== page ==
CFTR Regulates the Proliferation, Migration and Invasion of Cervical Cancer Cells by Inhibiting the NF-κB Signalling Pathway
Authors Wu Z, Li J, Zhang Y, Hu L, Peng X
Received 3 March 2020
Accepted for publication 7 May 2020
Published 18 June 2020 Volume 2020:12 Pages 4685—4697
Checked for plagiarism Yes
Review by Single-blind
Peer reviewer comments 2
Editor who approved publication: Dr Seema Singh
Zhao Wu, 1 Jinke Li, 2 Yi Zhang, 2 Lina Hu, 3 Xue Peng 2
1Department of Obstetrics and Gynecology, Sichuan Academy of Medical Sciences and Sichuan Provincial People’s Hospital, Chengdu, Sichuan, People’s Republic of China; 2Department of Obstetrics and Gynecology, West China Second University Hospital, Sichuan University; Key Laboratory of Birth Defects and Related Diseases of Women and Children (Sichuan University), Ministry of Education, Chengdu, Chengdu, Sichuan, People’s Republic of China; 3Department of Obstetrics and Gynecology, Second Affiliated Hospital, Chongqing Medical University, Chongqing, People’s Republic of China
Correspondence: Xue Peng
Department of Obstetrics and Gynecology, West China Second University Hospital and Key Laboratory of Birth Defects and Related Diseases of Women and Children (Sichuan University), Ministry of Education, No. 20 3rd Section, South Renmin Road, Chengdu 610041, Sichuan, People’s Republic of China
Background: The cystic fibrosis transmembrane conductance regulator (CFTR) and nuclear factor κB (NF-κB) signalling pathways are currently regarded as co-regulators of the occurrence of cervical cancer. However, the detailed mechanism of CFTR- and NF-κB-mediated effects in cervical cancer remains to be elucidated. This study aimed to investigate the mechanism by which CFTR and NF-κB influence the development of cervical cancer.
Patients and Methods: CFTR ΔF508 mutation and CFTR promoter methylation were detected in cervical tissue samples. NF-κB p65 and IκBα protein levels were tested in HeLa cells with CFTR overexpression and knockdown by Western blotting. The effects of CFTR on cell proliferation, migration, and invasion were examined in HeLa cells by WST-1 and soft agar assays, cell wound scratch assay, and Matrigel invasion assays, respectively. The protein–protein interaction (PPI) network was constructed by using GeneMANIA. GeneCoDis3 was used to perform Gene Ontology (GO) and Kyoto Encyclopedia of Genes and Genomes (KEGG) functional enrichment analysis on genes in the PPI network.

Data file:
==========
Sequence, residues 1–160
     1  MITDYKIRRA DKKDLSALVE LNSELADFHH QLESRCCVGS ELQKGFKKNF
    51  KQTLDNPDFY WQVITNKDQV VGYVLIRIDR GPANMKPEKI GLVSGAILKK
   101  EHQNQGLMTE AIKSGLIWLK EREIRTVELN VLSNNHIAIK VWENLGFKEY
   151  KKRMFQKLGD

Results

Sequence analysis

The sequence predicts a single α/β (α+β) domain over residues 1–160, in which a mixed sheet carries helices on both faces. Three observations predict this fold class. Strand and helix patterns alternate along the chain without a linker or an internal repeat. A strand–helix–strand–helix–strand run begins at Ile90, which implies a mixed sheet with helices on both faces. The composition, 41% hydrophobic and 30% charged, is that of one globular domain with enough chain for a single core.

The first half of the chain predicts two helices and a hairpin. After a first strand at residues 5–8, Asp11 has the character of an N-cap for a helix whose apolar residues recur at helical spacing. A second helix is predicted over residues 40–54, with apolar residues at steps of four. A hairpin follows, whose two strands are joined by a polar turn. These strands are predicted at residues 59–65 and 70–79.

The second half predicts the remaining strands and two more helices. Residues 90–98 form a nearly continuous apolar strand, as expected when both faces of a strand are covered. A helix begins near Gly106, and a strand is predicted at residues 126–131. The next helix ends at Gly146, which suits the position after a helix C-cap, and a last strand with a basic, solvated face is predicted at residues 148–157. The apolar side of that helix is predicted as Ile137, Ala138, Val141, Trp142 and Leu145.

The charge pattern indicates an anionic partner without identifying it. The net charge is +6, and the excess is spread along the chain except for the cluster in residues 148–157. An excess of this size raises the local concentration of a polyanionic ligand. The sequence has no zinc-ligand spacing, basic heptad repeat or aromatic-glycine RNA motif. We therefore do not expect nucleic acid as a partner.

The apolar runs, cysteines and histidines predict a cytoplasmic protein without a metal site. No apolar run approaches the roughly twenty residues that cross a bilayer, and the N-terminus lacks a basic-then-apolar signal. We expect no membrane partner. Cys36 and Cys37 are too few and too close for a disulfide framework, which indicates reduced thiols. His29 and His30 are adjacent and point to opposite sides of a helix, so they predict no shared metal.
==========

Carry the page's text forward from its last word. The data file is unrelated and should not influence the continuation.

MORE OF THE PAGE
Results: CFTR mutation and CFTR promoter methylation were not associated with the occurrence of cervical cancer. NF-κB p65 protein levels were decreased in CFTR overexpression lines and increased in CFTR knockdown lines, and IκBα levels were affected in the opposite manner, indicating that CFTR inhibited the NF-κB signalling pathway. CFTR also regulated the cell proliferation, migration, and invasion ability of cervical cancer cells. When CFTR was overexpressed, cell proliferation, migration, and invasion ability were decreased. There were 20 genes that interacted with CFTR. KEGG pathway analysis showed enrichment in the gastric acid secretion, chemokine signalling, bile secretion and apoptosis pathways.
Conclusion: CFTR plays an important role in cancer cell proliferation, migration and invasion by inhibiting the NF-κB signalling pathway in cervical cancer.
Keywords: cervical cancer, cystic fibrosis transmembrane conductance regulator, nuclear factor κB, signalling pathway
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